by Greg Walcher, E&E Legal Senior Policy Fellow
As appearing in the Daily Sentinel

President Jimmy Carter’s Office of Management and Budget Director Bert Lance is best remembered for a corruption scandal involving Calhoun National Bank. But he is also the one who popularized the corny phrase, “If it ain’t broke, don’t fix it.” “That’s the trouble with government,” he wrote, “Fixing things that aren’t broken, and not fixing things that are.”

Another name from the past, former Interior Secretary Bruce Babbitt, is still trying to tinker with the Colorado River system, which “ain’t broke.” Some people are confused about that, because of the growing alarm about historically low water levels in Lake Powell and Lake Mead.

In the midst of another historic debate about the Southwest’s two main reservoirs, Babbitt has decided to weigh in, two decades after leaving office, opining that we must renegotiate the Interstate Compact. The ex-Interior chief, now 84 and mostly retired, apparently thinks Colorado River issues are so complex that his advice is needed. Ego notwithstanding, western water leaders were not anxiously awaiting Babbitt’s wisdom about Lake Powell or Lake Mead.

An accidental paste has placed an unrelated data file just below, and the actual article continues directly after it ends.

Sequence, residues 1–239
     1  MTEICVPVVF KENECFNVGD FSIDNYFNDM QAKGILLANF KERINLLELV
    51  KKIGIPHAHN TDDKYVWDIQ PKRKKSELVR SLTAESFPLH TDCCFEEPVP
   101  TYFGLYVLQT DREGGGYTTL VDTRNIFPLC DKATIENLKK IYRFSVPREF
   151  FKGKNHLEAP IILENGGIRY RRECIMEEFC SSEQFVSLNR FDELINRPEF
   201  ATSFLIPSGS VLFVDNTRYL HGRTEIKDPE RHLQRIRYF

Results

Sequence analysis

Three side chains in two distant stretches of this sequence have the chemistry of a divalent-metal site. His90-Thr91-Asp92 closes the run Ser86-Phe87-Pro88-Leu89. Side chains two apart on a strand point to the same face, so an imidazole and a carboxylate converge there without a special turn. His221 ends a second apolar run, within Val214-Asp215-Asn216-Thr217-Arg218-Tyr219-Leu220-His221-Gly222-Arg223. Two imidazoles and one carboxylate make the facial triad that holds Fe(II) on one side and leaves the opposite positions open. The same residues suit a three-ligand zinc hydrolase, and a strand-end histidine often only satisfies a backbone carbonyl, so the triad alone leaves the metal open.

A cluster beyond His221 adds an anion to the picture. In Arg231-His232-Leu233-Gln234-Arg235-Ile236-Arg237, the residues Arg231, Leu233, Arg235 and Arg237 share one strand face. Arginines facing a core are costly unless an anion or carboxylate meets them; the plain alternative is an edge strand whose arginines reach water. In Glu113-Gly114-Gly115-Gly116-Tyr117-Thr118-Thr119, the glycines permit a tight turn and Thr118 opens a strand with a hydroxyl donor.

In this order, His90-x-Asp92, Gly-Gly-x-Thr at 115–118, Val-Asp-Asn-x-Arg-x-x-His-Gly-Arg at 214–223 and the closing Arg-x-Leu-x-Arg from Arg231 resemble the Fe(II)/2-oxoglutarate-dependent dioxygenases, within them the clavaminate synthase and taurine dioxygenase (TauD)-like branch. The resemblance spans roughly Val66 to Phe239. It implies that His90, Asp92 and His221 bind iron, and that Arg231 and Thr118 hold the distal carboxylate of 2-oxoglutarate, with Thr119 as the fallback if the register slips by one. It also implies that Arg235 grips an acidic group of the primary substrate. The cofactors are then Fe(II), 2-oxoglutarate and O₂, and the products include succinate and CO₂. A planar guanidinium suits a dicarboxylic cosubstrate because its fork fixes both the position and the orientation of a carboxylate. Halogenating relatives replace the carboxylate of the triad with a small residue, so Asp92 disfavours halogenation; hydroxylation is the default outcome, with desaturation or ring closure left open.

Those lakes represent more than water storage for both the Upper and Lower Basins, habitat for hundreds of species and popular outdoor recreation. They are also crucial to the western power grid. Lake Powell’s 1,320 megawatt power plant, and Lake Mead’s 2,100 megawatt plant, provide nine billion kilowatt hours annually to utility companies from Nebraska to California. Most importantly, those reservoirs provide the mechanisms to administer the Compact, which allocates the river’s water among 40 million people in seven states.